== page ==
We’re continuing with our look at Sense and Goodness Without God by Richard Carrier. Right now, we’re discussing moral theory. Again, I only wish to bring out a few highlights from the chapter of points that I find problematic.

On page 317, Carrier claims that homosexual sex on J.P. Moreland’s view is immoral when supposedly in reality, it harms no one and if you repress your desires, well that does lead to harm. (This would be news to several Christians I know who live happy lives despite having homosexual attractions they don’t act on. It would also be the same for those with heterosexual attractions they don’t act on.) Amusingly, on the same page he describes unsafe sex as risky behavior stating that immoral behavior is risky.

For the first part, I want to note immediately that Gatean Dugas is unavailable for comment. It is hard to have read a book like “And The Band Played On” about the spread of the AIDS epidemic in America (Note originaly it was called GRID, Gay-Related Immune Deficiency) and not see that the behavior is risky. In fact, it is inherently risky. Homosexuals like Larry Kramer wrote about the problems in the homosexual community and others realized that the bathhouse culture opened itself up for numerous risks as most people did not follow “safe” procedures. If you go to the CDC web site today and look up STD’s, you’ll even find specific statements about homosexual sex.

By the way, if anyone wants to think my source for “And The Band Played On” is a homophobic bigot, keep in mind that Randy Stilts who wrote the book was himself a homosexual who died of AIDS.

Yet I also can’t wonder if it’s possible for sex to be risky even if all the “safe” procedures were followed. Could it be that cheap casual sex is also just as risky? Could there not be several psychological reasons for thinking that? For those who are interested in hearing such reasons, I recommend listening to my interview with Freda Bush on the hook-up culture available here.

Now I do agree with Carrier of course that immorality is bad for you, yet it is interesting to hear him say about people who are bad will live with some debilitating factor such as chronic anger or depression. He writes of how they will try to replace the hole in their lives with luxuries, distractions, etc. It will never be enough. The pleasures will be fleeting and they will never know the genuine happiness Carrier speaks of.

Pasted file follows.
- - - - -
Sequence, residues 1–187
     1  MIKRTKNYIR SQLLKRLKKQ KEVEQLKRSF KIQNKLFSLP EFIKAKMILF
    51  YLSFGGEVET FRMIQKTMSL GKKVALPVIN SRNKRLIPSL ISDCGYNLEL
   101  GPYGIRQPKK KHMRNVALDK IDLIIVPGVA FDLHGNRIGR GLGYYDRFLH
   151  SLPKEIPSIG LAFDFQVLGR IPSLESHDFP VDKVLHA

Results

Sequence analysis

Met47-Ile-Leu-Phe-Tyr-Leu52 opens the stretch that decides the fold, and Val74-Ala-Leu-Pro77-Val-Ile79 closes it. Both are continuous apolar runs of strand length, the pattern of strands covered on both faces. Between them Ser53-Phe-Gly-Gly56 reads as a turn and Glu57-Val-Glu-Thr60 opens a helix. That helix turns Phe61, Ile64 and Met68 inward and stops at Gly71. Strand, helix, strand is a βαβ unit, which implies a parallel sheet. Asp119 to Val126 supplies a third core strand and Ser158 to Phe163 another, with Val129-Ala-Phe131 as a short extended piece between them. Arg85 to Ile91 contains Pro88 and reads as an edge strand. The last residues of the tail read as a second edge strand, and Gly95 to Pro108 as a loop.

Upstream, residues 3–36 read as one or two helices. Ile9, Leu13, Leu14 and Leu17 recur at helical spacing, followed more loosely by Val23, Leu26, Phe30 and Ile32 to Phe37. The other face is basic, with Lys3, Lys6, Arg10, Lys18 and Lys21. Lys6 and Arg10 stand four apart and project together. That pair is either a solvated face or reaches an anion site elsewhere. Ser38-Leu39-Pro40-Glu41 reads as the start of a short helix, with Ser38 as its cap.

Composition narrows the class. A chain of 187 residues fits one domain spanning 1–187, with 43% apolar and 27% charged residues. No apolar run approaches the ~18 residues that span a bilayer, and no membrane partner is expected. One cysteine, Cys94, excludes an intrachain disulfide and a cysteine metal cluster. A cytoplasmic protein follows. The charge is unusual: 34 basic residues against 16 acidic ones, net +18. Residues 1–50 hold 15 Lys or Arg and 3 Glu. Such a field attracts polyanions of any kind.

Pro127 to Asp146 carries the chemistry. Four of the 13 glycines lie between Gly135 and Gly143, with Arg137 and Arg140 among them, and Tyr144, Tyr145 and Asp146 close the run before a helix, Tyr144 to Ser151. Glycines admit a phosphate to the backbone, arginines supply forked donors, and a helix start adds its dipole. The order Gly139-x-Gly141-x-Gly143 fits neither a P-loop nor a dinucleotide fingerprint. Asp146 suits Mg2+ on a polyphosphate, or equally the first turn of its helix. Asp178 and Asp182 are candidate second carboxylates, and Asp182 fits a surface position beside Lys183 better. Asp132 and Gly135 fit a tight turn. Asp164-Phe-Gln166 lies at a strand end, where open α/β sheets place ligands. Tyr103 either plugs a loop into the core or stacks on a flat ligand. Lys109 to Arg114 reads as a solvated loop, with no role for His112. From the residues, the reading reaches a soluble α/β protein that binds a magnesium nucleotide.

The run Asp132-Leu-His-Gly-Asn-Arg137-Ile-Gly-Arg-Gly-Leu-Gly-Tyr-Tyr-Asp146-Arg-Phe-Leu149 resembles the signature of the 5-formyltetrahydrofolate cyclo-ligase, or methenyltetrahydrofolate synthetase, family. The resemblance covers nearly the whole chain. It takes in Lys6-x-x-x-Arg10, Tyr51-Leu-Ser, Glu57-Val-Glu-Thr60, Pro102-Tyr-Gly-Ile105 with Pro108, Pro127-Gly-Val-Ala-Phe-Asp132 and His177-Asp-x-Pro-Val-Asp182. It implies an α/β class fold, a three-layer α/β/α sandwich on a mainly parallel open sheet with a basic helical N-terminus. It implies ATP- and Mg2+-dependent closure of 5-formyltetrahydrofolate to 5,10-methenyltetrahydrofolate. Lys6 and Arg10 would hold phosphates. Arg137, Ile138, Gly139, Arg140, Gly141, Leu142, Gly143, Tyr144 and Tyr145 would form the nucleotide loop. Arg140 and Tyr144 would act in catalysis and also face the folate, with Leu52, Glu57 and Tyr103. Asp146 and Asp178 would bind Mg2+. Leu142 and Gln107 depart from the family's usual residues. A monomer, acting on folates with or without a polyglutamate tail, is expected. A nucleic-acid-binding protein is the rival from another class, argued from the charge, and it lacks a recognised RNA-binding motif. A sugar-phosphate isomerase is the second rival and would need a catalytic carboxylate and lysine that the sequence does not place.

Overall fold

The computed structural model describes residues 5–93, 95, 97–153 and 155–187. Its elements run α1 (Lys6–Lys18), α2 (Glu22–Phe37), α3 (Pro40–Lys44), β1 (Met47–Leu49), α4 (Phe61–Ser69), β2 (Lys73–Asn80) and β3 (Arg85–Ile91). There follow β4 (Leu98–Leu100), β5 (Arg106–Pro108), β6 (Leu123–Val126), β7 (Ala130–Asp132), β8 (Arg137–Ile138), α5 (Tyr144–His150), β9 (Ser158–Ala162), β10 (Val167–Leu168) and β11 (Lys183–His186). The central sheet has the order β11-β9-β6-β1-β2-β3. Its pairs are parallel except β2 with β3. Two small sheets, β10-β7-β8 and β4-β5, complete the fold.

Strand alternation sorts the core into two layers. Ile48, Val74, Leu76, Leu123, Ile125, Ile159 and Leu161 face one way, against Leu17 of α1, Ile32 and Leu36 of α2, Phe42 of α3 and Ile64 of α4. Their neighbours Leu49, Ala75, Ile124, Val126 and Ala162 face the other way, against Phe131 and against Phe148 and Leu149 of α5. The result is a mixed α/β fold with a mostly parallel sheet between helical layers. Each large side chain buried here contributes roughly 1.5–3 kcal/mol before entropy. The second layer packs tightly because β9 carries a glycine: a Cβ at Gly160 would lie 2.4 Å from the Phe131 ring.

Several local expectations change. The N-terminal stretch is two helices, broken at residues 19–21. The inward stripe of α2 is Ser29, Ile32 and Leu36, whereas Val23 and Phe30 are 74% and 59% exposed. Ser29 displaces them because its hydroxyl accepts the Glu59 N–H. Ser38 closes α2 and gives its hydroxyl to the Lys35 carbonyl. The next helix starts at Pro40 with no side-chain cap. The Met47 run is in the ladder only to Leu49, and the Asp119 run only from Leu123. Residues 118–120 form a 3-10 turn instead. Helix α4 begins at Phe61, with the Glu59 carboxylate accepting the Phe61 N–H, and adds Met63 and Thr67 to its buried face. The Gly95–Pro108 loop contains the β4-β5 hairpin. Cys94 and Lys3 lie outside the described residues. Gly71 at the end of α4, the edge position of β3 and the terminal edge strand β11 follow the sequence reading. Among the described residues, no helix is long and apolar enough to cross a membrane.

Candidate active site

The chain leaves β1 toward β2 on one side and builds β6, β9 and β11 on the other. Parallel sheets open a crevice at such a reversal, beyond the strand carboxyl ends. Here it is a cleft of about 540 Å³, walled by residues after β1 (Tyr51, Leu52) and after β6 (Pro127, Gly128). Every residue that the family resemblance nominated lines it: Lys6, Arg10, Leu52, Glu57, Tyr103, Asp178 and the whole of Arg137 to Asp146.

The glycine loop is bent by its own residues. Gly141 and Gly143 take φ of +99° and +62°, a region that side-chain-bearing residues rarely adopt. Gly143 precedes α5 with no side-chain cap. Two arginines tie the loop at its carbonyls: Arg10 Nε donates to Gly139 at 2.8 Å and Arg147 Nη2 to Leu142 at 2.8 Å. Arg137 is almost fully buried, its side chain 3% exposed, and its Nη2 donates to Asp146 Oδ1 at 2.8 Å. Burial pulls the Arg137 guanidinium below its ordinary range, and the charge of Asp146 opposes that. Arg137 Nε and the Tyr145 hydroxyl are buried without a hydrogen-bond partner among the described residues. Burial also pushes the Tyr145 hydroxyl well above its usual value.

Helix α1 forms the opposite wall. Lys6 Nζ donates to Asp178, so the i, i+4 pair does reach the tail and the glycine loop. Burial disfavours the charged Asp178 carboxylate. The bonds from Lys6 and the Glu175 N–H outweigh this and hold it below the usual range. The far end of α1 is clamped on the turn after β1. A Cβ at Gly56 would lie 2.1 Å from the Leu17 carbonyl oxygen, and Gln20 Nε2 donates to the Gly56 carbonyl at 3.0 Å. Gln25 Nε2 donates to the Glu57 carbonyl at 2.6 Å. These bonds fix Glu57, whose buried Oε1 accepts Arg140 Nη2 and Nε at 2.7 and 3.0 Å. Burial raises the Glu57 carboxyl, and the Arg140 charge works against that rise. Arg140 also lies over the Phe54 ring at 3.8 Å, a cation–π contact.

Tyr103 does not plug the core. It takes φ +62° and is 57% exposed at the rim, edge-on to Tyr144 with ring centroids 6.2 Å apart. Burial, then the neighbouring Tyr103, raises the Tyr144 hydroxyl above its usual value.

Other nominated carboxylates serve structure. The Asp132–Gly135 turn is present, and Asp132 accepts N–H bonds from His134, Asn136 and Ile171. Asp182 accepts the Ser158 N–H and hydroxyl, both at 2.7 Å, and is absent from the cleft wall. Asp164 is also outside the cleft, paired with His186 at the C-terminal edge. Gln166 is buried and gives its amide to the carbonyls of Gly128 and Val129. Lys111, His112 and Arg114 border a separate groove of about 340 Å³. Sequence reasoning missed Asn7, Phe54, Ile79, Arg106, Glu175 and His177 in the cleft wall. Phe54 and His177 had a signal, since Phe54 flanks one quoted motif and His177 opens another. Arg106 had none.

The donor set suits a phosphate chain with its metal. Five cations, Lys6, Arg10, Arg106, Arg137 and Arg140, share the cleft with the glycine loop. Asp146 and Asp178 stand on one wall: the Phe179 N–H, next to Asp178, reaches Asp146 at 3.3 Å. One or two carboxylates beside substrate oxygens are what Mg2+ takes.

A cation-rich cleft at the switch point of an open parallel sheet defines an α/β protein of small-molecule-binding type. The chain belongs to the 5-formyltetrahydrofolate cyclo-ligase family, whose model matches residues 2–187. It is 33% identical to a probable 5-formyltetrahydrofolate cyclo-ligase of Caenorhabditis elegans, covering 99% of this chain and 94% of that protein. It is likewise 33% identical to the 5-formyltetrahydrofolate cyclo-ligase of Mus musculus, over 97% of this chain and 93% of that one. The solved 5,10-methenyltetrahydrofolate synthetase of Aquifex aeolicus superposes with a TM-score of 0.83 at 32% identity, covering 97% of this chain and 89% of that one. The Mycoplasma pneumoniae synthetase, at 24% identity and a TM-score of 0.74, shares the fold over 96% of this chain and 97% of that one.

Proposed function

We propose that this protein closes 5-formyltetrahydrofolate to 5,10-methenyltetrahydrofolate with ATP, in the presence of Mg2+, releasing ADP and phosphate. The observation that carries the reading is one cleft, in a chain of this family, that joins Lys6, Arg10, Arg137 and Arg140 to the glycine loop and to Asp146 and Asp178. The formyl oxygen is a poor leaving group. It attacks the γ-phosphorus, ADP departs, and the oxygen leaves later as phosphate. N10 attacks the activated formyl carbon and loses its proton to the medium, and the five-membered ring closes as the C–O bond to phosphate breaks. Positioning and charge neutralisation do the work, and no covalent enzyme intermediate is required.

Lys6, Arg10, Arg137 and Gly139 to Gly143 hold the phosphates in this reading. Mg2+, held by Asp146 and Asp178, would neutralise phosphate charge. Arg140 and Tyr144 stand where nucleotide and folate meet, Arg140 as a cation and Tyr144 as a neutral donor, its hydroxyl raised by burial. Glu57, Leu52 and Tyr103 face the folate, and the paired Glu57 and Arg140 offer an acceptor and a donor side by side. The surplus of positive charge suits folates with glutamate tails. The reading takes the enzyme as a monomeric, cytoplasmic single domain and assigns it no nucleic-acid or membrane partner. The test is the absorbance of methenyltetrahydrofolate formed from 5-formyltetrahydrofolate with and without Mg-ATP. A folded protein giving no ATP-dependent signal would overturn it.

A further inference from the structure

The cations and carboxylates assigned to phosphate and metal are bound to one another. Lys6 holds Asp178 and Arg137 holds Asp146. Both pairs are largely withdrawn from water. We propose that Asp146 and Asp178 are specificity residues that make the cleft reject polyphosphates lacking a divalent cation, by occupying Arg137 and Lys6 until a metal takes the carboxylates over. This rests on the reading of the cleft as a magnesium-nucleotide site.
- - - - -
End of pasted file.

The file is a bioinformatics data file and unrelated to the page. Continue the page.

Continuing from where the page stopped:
At this point, I’m surprised there isn’t an altar call in the book.

Now I do think of course that God has made us for Him, but I would say do not come to God because He will make you happy, though He will in the long-run to be sure. Come to Him because He is true. If you want a religion to bring you comfort and joy, well Christianity offers that, but it definitely promises suffering as well. What Christianity will also say is it is rooted in a historical reality.

So how does a naturalist account for value? (A term I would prefer not to use.) Carrier says “We merely place the highest authority, not the sole authority, in the findings of science.”

This is like the problem I expressed earlier about having a metal detector on the beach and not being able to find paper. What if these questions are not answered by science? If they are not, then science might be able to supplant another field, but it cannot do the work of that other field.

We are told that one could demonstrate that something is a good value for humans and therefore all ought to seek it since all human beings desire happiness. Why yes they do, but I find Carrier seems to have great faith in humanity and after the 20th century, I don’t share that great faith.

It would be great to say that if we all knew the facts, then we would know that these are good and we would all seek one another’s happiness, but does anyone really think that we would? Why should we? We in fact each know that most of the time, if it comes to choosing happiness, we choose our own over everyone else’s.

One of the great lessons learned in marriage is how you have to consistently sacrifice your happiness for someone else. Both persons in a marriage are expected to put the other one first. A husband might want to save up to buy himself something really nice, but he knows he needs to take his wife out to dinner. He might want to stay home and watch the game on TV, but she wants an evening on the town, so off he goes. A wife meanwhile might want to just stay home and watch TV, but she knows she needs to do the housework for her husband. She might not be exactly “in the mood” that evening, but she knows her husband desires sexual intimacy with her and so gives it. Both learn to sacrifice their good for that of the other, but it takes work.

I would furthermore love to see how Carrier would plan on sharing this insight with people in the Muslim community for instance. What happens if he meets any people who do not accept the findings of science supposedly? What does he do then?

Please note also that in all of this, there has not yet been a definition given of “good.”